Easy Target: The Long Strange Trip of a Scout Pilot in Vietnam

Thomas Smith, Author, Tom Smith, Author
Thomas Smith, Author, Tom Smith, Author Presidio Press $24.95 (0p) ISBN 978-0-89141-595-4
Reviewed on: 12/30/1996
Release date: 01/01/1997
Mass Market Paperbound - 352 pages - 978-0-451-19301-8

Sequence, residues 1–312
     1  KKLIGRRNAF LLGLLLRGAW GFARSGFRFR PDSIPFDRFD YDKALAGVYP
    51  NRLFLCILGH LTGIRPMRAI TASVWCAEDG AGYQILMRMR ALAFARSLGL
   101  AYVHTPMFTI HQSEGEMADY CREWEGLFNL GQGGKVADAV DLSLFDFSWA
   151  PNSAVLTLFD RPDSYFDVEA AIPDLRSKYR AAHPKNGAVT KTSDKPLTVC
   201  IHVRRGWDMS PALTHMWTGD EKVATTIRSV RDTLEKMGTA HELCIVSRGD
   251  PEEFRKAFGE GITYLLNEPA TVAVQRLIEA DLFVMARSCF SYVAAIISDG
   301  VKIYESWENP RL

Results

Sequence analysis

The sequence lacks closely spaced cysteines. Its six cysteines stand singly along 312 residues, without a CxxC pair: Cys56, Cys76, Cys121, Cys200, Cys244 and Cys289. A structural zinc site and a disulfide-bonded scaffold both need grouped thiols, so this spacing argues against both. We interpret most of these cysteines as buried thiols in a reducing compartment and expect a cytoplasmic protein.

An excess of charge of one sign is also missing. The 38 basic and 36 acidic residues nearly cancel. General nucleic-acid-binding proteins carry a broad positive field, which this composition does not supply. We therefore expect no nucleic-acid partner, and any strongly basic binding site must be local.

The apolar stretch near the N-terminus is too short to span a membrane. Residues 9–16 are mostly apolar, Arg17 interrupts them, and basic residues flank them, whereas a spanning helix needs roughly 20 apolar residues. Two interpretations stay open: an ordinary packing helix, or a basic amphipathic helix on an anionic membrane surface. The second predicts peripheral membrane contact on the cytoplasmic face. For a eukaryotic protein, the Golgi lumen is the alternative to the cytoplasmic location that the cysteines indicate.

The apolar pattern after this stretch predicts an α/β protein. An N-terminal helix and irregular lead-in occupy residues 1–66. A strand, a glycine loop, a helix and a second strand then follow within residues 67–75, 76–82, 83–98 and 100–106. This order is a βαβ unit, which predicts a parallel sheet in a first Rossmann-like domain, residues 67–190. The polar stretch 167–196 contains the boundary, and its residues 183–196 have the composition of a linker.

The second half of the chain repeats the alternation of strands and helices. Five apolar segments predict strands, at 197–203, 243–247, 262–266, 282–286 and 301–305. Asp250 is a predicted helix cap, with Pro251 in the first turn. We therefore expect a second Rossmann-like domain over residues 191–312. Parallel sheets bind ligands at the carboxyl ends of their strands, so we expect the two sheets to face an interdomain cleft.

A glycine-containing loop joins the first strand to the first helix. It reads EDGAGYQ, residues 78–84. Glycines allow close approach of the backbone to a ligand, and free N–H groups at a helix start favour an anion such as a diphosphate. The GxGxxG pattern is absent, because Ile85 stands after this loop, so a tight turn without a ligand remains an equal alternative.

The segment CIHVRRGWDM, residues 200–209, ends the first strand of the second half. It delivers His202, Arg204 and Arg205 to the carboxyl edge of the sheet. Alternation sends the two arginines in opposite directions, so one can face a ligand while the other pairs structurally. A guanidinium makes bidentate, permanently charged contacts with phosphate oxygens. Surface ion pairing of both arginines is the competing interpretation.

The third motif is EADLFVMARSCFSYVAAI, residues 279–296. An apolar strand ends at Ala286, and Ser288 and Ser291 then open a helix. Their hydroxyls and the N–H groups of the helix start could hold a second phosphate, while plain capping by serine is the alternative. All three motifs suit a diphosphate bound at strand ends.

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Flying scout helicopters in Vietnam was the aerial counterpart of walking point. Initially cast as target-spotters for gunships and air-assault forces, the scout pilots evolved into live bait as enemy weapons and tactics improved. Their small helicopters were vulnerable even to minor damage, and parachuting from a damaged bird was impossible. Casualty rates could be as high as 50%; a scout unit often resembled a WWI fighter squadron, with replacements dying almost before they could unpack. Yet fresh volunteers kept coming--even if only to stay out of the infantry. In his visceral memoir, Smith tells the familiar story of a young man who flunked out of college, sampled the 1960s counterculture and found himself first in the army, then in Vietnam. For Smith, the war was a theater of the absurd whose only meaning was survival. His narrative of low-altitude, high-risk operations in 1969-70 replicates that of others: initial confusion giving way first to proficiency and pleasure in stalking and killing anonymous enemies, later to a sense that both his skill and his luck are running out. Gritty enough to appeal to adventure fans, this memoir makes a useful contribution to a subject--American helicopter pilots in Vietnam--whose recorded history is largely still in its anecdotal stage. Photos, not seen by PW. (Oct.)
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